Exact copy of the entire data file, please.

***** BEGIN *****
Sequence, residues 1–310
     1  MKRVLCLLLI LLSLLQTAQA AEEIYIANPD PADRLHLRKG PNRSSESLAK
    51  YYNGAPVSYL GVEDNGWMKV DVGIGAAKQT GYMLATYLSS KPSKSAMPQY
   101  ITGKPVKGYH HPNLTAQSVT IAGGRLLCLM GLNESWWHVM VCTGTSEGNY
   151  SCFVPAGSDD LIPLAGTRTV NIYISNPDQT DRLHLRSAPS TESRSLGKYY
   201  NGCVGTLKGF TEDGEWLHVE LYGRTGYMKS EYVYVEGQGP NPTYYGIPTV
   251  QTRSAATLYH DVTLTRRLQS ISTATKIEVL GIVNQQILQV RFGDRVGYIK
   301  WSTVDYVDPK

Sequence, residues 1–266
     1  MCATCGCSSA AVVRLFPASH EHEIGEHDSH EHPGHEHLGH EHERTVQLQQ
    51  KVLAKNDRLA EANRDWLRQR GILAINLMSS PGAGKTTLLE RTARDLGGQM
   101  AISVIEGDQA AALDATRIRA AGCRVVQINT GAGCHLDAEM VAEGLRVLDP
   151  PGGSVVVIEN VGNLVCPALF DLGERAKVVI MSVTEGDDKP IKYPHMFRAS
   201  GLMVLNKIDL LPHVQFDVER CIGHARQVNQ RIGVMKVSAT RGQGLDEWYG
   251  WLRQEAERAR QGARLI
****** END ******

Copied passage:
Sequence, residues 1–310
     1  MKRVLCLLLI LLSLLQTAQA AEEIYIANPD PADRLHLRKG PNRSSESLAK
    51  YYNGAPVSYL GVEDNGWMKV DVGIGAAKQT GYMLATYLSS KPSKSAMPQY
   101  ITGKPVKGYH HPNLTAQSVT IAGGRLLCLM GLNESWWHVM VCTGTSEGNY
   151  SCFVPAGSDD LIPLAGTRTV NIYISNPDQT DRLHLRSAPS TESRSLGKYY
   201  NGCVGTLKGF TEDGEWLHVE LYGRTGYMKS EYVYVEGQGP NPTYYGIPTV
   251  QTRSAATLYH DVTLTRRLQS ISTATKIEVL GIVNQQILQV RFGDRVGYIK
   301  WSTVDYVDPK

Sequence, residues 1–266
     1  MCATCGCSSA AVVRLFPASH EHEIGEHDSH EHPGHEHLGH EHERTVQLQQ
    51  KVLAKNDRLA EANRDWLRQR GILAINLMSS PGAGKTTLLE RTARDLGGQM
   101  AISVIEGDQA AALDATRIRA AGCRVVQINT GAGCHLDAEM VAEGLRVLDP
   151  PGGSVVVIEN VGNLVCPALF DLGERAKVVI MSVTEGDDKP IKYPHMFRAS
   201  GLMVLNKIDL LPHVQFDVER CIGHARQVNQ RIGVMKVSAT RGQGLDEWYG
   251  WLRQEAERAR QGARLI